It has been a long time since my last blog entry -- that does not bode all that well for the future. Of course, during the application process things don't change all that fast, so for a good long while there has been nothing to report. Now, however, I can officially say I am a Peace Corps nominee. I was nominated on August 3rd. My Recruiter, from the Atlanta office, got hold of me last week with some bad news. She cleared all my secondary application information and went into the system to nominate me for the teacher-trainer position in the Pacific, only to discover the position was filled. Awe! So she called me up and told me the good-slash-bad news. Together we went over what positions were left -- a whole lot of them were in "Asia." I don't think I could do Asia, for the same reasons I couldn't do Eastern Europe: because anything too far north would mess me up (I have Seasonal Affective Disorder). After spending a few minutes going through a bunch of dead leads, or live leads that didn't leave until next year, she got an idea: she would call the Pacific Desk (the department that is in charge of Peace Corps positions in the Pacific) and ask them to open up a new, identical assignment for me.
A few days went by. Then, she called me to say they had AGREED and that I was now officially nominated into the job we were originally looking at: teacher-trainer in the Pacific. I still don't know where in the Pacific, exactly, but that knowledge would't do my much good right now anyway, because A) they might switch it on me at any time, and B) because if I don't get the medical/dental/eye package back to them soon, I'll miss it anyway.
A little explanation on how that works: After you get officially nominated, the Peace Corps medical desk in Washington, DC, sends you a thick-ass packet that contains forms to be filled out by a doctor, who must perform a physical on you. It also contains similar forms for a dentist and an opthomologist. This packet comes via snail-mail (the U.S. Post), and once you get it you need to arrange doctor visits, etc., fill out the forms, then send them back. In my case, my departure date is "early November," which is about 3 months from now (!). According to Peace Corps literature, it can take the Medical desk up to eight weeks to clear you, and they cannot send an invitation less than six weeks before the departure date. Do the math: that means about a week to receive the packet, six weeks for them to review my medical information, then receive and accept an invitation more than six weeks before the departure date. I have 3 months until "early November," so considering two of those stages take a month and a half each, I will have ONE OR TWO DAYS to get all the medical/dental/eye information finished and sent back. That's cutting it damn close. If the medical people want to follow up on anything in my physical, that will basically mean I miss my departure date.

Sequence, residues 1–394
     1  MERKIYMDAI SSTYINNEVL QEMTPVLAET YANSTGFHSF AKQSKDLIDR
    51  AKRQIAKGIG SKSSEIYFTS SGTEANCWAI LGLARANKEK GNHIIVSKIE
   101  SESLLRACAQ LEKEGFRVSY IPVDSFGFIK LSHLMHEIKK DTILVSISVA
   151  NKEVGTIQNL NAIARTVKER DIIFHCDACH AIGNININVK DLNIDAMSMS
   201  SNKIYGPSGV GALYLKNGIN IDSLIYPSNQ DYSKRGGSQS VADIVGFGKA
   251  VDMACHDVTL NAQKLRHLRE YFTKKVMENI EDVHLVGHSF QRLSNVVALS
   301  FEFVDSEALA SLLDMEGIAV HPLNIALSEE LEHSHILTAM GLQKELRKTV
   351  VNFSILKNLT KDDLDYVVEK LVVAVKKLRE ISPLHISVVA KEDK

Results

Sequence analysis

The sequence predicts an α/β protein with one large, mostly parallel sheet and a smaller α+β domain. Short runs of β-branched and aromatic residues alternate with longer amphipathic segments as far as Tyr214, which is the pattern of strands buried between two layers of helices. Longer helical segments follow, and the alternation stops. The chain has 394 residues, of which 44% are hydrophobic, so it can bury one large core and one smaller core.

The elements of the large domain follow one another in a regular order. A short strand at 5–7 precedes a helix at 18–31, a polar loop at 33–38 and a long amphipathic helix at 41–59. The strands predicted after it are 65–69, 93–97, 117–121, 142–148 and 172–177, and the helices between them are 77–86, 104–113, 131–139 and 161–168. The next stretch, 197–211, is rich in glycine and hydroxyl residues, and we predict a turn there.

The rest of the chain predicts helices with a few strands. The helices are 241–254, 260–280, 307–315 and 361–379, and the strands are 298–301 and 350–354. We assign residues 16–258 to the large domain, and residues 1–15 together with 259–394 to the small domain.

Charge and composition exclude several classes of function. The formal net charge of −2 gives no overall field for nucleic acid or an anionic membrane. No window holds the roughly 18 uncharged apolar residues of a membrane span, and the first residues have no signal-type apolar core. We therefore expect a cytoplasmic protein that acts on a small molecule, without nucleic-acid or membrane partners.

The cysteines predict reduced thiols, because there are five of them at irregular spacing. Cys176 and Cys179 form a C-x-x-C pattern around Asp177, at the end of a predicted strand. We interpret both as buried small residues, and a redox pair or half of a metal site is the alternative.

Anyway, enough of that. I'm very excited and hope hidden snags do not lie between me and my desired assignment. I love the Pacific, and would be more than happy to be assigned there.
Secretly, I do have a couple of preferences, though: I hope my assignment is in Samoa or Tonga, maybe Fiji, and islands like Yap or Chuk or Palau would be lower down that list. The Phillipines, while having some of the world's hottest women, would be acceptable but not desirable. Frankly, depending on the assignment, I would rather just be sent back to the Eastern Caribbean -- I mean, I would MUCH rather have an urban assignment over a rural one. I've read some blogs out there in cyberspace-land about people assigned to remote, rural settings in the Pacific, and it doesn't sound pleasant. Scratch that -- it sounds pleasant in some ways, but no power, spotty water from a well, and an unbalanced diet would be a killer for me. I mean, I'm going to bring a laptop and digital camera, so I would want power at least a few hours a day. Fortunately, if I get the job I'm gunning for, I'll probably be in an urban setting, because that's where the greatest concentration of teachers to train would be.
This blog entry is now starting to run a wee long, so I'll end it here. Iin the future, I'll try to fill in some of the missing information. One of my goals with this blog is to give prospective Peace Corps applicants an idea of what to expect, step by step -- something that might have helped a lot when I was first applying years ago.